Can Leadership Really Be Learned?
Take Off The Rose-Colored Glasses
We don’t have to look far to see examples of ineffective and misguided leadership. Organizations and individuals spend billions of dollars in the U.S. each year on the hope that people can become better leaders. Oftentimes it is just that – hope. But can leadership really be developed?
The short answer is yes, in certain circumstances.
What justification do we have for saying this? Some of the best evidence comes from social scientific experiments done in real organizations – where leaders were randomly assigned to either a control or an experimental leadership training group, in a fashion similar to the way that a new experimental drug gets tested. In one study in the Israeli military, the measured effects cascaded down two organizational levels such that leaders who received the well-designed leadership training program better developed their direct-reports (a critical leadership competency), who in turn had direct-reports who performed at a higher level. In another study, bank branch managers who received a validated leadership training ended up with better branch financial metrics than the bank branch managers from the control group.
Other evidence comes closer to home in our executive leadership development programs. We guide program participants to help them learn new leadership behaviors and skills, and we see them approach situations differently as a result of intensive learning and interaction with other participants. Frequently, we hear from some of them after the program with comments like “Some people in my company didn’t know I went to a leadership development program, but remarked to me that I was really turning up my leadership over the last few months,” or “I started doing one or two things differently, and it made all the difference; I noticed that my team is performing at a higher level and working better together.” It is these kinds of tangible wins that motivate us to impact as many people as we can: aspiring leaders, new and mid-level leaders, and seasoned effective senior executives.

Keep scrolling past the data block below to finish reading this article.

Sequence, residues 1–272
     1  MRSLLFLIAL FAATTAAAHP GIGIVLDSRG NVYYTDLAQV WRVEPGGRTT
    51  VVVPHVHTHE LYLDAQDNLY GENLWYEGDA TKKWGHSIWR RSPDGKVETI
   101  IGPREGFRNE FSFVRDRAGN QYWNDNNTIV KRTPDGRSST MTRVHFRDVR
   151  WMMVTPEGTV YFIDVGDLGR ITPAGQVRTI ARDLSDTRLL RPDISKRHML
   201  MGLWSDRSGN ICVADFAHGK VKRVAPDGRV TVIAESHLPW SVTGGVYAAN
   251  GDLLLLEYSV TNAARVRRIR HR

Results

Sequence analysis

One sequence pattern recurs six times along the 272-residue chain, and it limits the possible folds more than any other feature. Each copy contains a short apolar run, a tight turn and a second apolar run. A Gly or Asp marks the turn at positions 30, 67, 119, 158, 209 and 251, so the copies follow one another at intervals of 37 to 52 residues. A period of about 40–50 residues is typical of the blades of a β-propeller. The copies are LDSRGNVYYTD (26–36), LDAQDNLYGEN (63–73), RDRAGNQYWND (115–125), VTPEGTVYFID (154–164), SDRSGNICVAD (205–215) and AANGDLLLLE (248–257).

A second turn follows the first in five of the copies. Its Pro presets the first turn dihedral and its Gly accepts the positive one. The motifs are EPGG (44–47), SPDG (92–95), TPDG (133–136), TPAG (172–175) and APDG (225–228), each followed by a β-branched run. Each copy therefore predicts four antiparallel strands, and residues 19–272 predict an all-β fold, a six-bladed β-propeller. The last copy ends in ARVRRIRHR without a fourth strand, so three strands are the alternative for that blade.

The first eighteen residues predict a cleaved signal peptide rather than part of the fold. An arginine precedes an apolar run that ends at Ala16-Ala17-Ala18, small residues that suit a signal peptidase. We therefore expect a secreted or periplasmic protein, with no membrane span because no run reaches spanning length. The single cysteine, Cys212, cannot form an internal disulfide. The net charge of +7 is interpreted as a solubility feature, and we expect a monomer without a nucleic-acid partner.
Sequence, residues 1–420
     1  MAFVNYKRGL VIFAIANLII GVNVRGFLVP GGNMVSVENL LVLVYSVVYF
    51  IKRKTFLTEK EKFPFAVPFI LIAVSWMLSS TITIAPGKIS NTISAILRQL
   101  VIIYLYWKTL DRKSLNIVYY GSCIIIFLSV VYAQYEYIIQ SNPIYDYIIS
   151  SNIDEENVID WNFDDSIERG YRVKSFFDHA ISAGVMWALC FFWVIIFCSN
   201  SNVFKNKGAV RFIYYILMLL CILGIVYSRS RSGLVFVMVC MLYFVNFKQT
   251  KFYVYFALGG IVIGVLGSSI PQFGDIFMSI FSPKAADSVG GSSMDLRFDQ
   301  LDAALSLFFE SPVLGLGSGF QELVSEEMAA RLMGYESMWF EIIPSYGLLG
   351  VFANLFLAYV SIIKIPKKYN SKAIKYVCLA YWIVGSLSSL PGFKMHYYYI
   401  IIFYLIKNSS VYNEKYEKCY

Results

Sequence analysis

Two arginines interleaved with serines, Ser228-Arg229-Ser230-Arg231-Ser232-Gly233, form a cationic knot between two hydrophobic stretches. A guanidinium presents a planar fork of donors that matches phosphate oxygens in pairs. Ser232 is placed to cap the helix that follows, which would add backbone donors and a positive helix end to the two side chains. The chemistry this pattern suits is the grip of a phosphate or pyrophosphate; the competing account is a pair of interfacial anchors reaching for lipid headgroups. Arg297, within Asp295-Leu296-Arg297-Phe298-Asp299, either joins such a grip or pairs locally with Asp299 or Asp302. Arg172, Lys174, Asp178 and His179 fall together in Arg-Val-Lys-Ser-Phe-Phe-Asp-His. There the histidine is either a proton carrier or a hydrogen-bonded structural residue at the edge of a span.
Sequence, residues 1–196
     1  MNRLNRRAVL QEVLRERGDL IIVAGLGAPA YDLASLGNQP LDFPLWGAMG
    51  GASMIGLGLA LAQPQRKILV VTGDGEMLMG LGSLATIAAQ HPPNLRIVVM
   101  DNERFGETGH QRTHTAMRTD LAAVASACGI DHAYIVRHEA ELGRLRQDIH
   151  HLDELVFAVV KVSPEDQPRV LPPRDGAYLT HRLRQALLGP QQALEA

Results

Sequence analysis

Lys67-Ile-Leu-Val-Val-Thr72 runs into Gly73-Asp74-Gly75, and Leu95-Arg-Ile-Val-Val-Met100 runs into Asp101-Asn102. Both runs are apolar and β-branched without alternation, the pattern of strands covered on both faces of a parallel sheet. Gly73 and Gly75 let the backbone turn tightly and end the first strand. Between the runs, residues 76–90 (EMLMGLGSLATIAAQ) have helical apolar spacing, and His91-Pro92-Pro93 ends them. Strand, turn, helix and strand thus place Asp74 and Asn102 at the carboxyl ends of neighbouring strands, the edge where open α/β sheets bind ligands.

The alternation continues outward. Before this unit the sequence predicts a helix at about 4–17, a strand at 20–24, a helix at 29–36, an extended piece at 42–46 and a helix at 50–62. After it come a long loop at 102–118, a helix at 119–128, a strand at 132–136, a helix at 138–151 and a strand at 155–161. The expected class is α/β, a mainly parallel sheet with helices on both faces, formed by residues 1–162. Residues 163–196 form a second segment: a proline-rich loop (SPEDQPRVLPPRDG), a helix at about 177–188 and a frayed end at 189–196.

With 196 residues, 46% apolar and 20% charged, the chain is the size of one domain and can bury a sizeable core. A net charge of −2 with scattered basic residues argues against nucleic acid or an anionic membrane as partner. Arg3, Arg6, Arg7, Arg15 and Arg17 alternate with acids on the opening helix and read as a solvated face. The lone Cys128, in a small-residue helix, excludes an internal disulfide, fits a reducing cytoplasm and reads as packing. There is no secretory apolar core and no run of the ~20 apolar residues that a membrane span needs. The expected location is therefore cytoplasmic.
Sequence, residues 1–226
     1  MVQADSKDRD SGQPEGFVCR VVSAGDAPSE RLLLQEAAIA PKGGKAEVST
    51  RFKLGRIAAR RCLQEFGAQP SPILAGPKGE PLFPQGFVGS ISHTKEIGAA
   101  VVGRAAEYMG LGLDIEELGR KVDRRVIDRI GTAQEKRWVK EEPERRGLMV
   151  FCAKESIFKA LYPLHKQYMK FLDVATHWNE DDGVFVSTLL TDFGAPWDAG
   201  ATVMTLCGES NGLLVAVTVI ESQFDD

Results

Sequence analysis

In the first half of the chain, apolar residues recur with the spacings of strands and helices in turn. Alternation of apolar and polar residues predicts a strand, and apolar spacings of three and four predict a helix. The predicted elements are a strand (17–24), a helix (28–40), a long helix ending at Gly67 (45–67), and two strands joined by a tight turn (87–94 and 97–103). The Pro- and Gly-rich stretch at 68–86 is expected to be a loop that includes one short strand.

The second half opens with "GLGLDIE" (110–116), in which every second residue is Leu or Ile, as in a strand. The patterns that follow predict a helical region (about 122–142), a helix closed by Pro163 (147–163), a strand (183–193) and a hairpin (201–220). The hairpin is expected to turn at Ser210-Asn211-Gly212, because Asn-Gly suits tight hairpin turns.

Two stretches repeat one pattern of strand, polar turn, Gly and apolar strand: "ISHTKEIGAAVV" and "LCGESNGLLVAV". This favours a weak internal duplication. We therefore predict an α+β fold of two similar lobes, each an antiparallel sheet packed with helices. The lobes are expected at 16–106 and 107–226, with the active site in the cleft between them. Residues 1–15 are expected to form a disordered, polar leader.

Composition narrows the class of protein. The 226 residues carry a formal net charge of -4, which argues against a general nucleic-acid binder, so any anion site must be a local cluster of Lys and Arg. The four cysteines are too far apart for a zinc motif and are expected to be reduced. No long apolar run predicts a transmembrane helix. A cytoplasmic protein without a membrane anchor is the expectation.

Yet sometimes leadership development doesn’t work, or may even horribly fail. There can be a number of reasons why. Some individuals aren’t open to change, learning, and development. Another reason for failure is a misguided focus on aspects or parts of leadership that are very difficult to develop. Some critical leadership skills and competencies are amenable to learning or focused development – others are not. On the one hand, take, for example, integrity. While being seen as having integrity is an important piece of being a truly effective (and respected) leader, it is a very difficult journey to develop this, and organizations would be much better off trying to select people who already have it as opposed to trying to develop it. On the other hand, leadership vision, believe it or not, IS a developable skill – and there is good evidence to back up this assertion. Picking the right skills on which to focus development is essential.
Another reason leadership development might fail is that we naively expect a miraculous transformation. One helpful way to think about leadership development is this – each of us have a fairly broad range of leadership potential – and the goal should be to move up to the high end of that range as much as possible. It is impossible to move someone from 0 to 100. Some people may just never be dynamic and effective leaders, or may require a much longer journey to get there. But individuals can certainly move the needle on a specific competency from 45 to 60 for example, or from 74 to 82. And, as shown by several decades of research, even small improvements in leadership may have huge effects on individuals, teams, and entire organizations.
Leadership development is not easy work, but with a proper focus on continuous modest improvements and on skills and behaviors which have been proven to be developable, we can create more effective leaders for a better world. The era of thinking blindly that “you’re either a good natural leader or you’re not” is facile and not supported by research evidence. It’s time to bury such simplistic views in favor of an approach that seeks to carefully develop specific skills and competencies, transforming leaders in small increments but with often huge payoff.
About the author:
Nathan J Hiller, Ph.D. is Academic Director of the FIU Center for Leadership (ranked #1 in the U.S. in 2016 and 2017 for leadership development programs by HR.com and Leadership Excellence magazine). He is an Associate Professor of Management and International Business and a Knight Ridder Center Research Fellow.